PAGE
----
“China’s maturing economy is undergoing important changes that have resulted in a slowdown in GDP and trade growth,” Frisbie concluded. “As China’s market continues to undergo changes, import growth is likely to remain at lower rates than seen in past years. At the same time, China is seeking to rebalance its economy toward a consumer-driven growth model. With this shift, US companies may see broader opportunities to export more goods and services to meet the needs of China’s growing middle class.”

US Export to China List

Asia’s trade connections with the Trade Coast came into sharp relief this spring as debate grew heated over approval of the Trans-Pacific Partnership free trade agreement, with Oregon-based Nike stepping into the fray by saying it would create as many as 10,000 US jobs if the TPP were to be approved by the US Congress.

“Footwear tariff relief would allow Nike to accelerate development of new advanced manufacturing methods and a domestic supply chain to support US-based manufacturing,” the company said in a news release.

Longtime Connections in Vancouver

A look at the top states for exports to China show the leadership of the US Trade Coast states of Washington, Oregon and California. Stretch into British Columbia and official provincial statistics show BC’s exports to Mainland China have grown from just over C$1.3 billion in 2005 to over C$6.4 billion in 2014 — a more than 490-percent jump. China now receives 18 percent of all BC exports, second only to the US at 50.2 percent. Japan is third at 10.2 percent.

Vancouver is closer than any other North American city to China and all of Asia, with a flight time to Shanghai of under 12 hours. The Chinese have been part of Vancouver since the 1800s. It’s a city proud of its immigrant heritage and continuing openness to immigration today.

“Forty-four percent of Vancouver’s population speaks English as a second language,” says Bryan Buggey, director, strategic Initiatives & sector development, for the Vancouver Economic Commission. “In high schools, it’s up to 52 percent.”

US Export to China Bar Graph

“We’re known as the most Asian city outside of Asia,” says Jim Maynard, president and CEO of wireless technology incubator Wavefront, located just a few blocks from the picturesque Vancouver harbor. “About one-third of the population is from Asia,” he says, including significant recent immigration from India and elsewhere in South Asia.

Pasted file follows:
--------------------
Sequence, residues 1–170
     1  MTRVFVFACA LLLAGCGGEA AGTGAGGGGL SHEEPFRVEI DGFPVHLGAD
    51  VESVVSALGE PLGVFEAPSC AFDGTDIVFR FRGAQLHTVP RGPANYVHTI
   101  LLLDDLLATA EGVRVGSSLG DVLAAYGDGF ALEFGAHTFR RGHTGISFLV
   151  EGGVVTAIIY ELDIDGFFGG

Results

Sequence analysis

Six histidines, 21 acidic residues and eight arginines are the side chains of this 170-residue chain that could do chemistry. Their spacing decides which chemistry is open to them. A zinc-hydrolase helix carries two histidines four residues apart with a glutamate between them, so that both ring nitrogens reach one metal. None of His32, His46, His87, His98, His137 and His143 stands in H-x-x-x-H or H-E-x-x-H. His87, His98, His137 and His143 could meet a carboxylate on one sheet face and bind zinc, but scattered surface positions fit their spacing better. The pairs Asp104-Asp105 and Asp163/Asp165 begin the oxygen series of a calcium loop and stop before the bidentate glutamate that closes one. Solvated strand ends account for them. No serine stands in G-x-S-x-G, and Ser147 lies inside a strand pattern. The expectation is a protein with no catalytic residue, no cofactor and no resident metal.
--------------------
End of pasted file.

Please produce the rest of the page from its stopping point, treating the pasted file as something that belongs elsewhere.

Vancouver continues to see major facility and hiring investment from such companies as Microsoft, Amazon, Facebook and, some of which (notably Microsoft) run into work visa limitations in the US.

The Asian cultural influence is omnipresent: Vancouver may have been the place where table tennis at the office got its start. You’ll find a table active at DeNA Studios, a Tokyo-based mobile device and tablet game developer that’s part of the city’s longstanding and growing hive of digital media, film and entertainment firms.

The Vancouver location in the Yaletown neighborhood was established in 2012 and has grown to about 90 employees. It’s part of DeNA West, which also incorporates locations in San Francisco (HQ) and Santiago, Chile. Kaiser Ng., senior director of operations for DeNA Studios Canada, says the firm benefits from the game studio ecosystem in the city (EA employs over 1,000, among others) and certain federal and provincial incentives. Basic costs play a role too.

“The average salary in Vancouver for a software engineer is about C$80,000, and the average salary in LA is double that,” he says. “Layer on the weaker Canadian dollar, tax incentives and lower corporate tax rates, and there are lots of good reasons to invest here.”